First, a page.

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Newcastle disease virus (NDV) is a major cause of infectious mortality and morbidity in poultry worldwide. It is an enveloped virus with two outer-membrane proteins-hemagglutinin-neuraminidase (HN) and fusion protein (F)-that induce neutralizing antibodies. All NDV strains belong to one serotype. Yet, NDV vaccines, derived from genotype II, do not fully prevent infection or shedding of viruses from other genotypes. The aim of this study was to test if an updated vaccine is required. For this purpose, NDVs isolated from infected, albeit heavily vaccinated flocks, were genetically and immunologically characterized. Amino acid differences in F and HN protein sequences were identified between the vaccine strain and each of the isolates, some specifically at the neutralization sites. Whereas all tested isolates showed similar hemagglutinin-inhibition (HI) titers, 100-100,000 times higher antibody-to-virus ratios were needed to neutralize viral propagation in embryos by the field isolates versus the vaccine strain. As a result, a model and an equation were developed to explain the phenomenon of escape in one-serotype viruses and to calculate the HI values needed for protection, depending on variation rate at key positions. In conclusion, to confer full protection against NDVs that differ from the vaccine strain at the neutralizing epitopes, very high levels of antibodies should be raised and maintained to compensate for the reduction in the number of effective epitopes; alternatively, an adjusted attenuated vaccine should be developed-a task made possible in the current era of reverse vaccinology.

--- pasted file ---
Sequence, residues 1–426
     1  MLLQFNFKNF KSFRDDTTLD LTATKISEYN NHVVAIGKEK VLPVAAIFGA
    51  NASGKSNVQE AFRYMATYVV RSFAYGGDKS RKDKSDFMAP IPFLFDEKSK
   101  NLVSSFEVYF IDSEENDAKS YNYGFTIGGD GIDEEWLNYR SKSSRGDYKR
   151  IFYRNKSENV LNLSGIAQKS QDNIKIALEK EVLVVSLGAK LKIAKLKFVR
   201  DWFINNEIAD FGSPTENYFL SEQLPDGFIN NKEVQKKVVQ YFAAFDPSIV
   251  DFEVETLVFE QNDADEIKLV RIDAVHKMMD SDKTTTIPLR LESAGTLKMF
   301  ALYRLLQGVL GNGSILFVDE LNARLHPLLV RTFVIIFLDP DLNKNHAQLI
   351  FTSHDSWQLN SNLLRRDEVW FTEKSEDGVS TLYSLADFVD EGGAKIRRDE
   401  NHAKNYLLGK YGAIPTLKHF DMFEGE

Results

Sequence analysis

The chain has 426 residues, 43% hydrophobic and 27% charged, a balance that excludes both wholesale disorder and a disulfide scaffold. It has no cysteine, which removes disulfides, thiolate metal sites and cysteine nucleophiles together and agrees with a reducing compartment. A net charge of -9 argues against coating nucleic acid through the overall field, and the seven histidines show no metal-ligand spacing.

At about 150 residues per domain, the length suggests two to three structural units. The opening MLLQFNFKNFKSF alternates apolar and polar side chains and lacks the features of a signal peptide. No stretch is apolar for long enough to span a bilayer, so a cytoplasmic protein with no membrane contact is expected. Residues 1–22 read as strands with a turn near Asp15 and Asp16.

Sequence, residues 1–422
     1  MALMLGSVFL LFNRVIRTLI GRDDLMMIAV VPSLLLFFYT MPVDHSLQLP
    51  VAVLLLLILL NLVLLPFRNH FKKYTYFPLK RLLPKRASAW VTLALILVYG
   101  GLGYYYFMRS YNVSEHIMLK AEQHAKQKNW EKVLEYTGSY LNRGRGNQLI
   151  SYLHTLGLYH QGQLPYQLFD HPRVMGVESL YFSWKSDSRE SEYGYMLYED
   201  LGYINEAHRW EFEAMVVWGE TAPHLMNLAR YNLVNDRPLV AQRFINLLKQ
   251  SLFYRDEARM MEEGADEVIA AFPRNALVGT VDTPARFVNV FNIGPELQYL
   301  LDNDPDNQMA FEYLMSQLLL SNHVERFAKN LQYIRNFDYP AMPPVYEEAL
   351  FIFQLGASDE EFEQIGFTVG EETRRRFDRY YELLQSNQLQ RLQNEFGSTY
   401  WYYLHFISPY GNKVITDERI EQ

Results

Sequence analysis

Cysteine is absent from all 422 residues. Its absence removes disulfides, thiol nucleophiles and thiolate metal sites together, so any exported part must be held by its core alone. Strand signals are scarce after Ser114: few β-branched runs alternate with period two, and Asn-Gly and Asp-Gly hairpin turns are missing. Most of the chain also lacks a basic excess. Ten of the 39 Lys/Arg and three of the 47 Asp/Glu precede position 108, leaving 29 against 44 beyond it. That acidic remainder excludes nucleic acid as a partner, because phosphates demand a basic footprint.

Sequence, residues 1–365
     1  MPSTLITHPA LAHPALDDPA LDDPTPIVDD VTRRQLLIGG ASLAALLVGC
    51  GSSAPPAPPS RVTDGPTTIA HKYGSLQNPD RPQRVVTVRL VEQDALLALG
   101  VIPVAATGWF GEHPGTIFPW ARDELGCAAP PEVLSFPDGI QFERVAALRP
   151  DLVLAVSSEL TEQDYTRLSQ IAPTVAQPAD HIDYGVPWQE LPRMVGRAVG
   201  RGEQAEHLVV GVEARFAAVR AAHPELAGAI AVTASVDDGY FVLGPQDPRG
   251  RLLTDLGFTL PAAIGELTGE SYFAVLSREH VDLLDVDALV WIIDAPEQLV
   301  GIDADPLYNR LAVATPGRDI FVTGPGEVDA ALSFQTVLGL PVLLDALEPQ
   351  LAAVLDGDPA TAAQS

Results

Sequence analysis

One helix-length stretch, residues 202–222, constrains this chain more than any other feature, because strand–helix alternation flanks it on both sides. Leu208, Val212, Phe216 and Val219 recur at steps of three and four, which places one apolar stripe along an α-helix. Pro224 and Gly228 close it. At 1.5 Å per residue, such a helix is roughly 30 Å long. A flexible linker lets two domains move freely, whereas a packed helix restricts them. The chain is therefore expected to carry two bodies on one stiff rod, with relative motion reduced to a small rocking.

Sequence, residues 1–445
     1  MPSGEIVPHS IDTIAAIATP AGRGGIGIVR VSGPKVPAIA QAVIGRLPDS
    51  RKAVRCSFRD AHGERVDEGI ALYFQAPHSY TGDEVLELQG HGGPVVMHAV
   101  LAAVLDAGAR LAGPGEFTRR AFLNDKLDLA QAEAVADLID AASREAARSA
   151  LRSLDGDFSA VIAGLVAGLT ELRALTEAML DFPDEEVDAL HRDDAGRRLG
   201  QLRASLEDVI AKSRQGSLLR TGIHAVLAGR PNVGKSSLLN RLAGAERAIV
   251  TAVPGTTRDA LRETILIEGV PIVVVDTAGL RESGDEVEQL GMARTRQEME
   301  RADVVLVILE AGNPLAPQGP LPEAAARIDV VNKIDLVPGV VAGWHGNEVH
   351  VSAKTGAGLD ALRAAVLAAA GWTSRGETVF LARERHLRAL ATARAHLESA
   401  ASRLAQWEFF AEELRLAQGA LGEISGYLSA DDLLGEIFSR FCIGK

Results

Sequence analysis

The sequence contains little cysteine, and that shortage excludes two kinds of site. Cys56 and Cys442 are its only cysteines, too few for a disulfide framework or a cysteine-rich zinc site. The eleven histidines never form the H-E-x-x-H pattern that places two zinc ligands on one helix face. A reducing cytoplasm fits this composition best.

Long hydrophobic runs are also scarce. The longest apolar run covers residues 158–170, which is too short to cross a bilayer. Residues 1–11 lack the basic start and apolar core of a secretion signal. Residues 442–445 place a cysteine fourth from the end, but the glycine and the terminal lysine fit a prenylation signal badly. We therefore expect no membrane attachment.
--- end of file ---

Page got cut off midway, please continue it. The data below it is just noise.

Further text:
This article was published in the following journal.
Name: Avian pathology : journal of the W.V.P.A
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An acute febrile, contagious, viral disease of birds caused by an AVULAVIRUS called NEWCASTLE DISEASE VIRUS. It is characterized by respiratory and nervous symptoms in fowl and is transmissible to man causing a severe, but transient conjunctivitis.
A live, attenuated varicella virus vaccine used for immunization against chickenpox. It is recommended for children between the ages of 12 months and 13 years.
A live attenuated virus vaccine of chick embryo origin, used for routine immunization of children and for immunization of adolescents and adults who have not had mumps or been immunized with live mumps vaccine. Children are usually immunized with measles-mumps-rubella combination vaccine.
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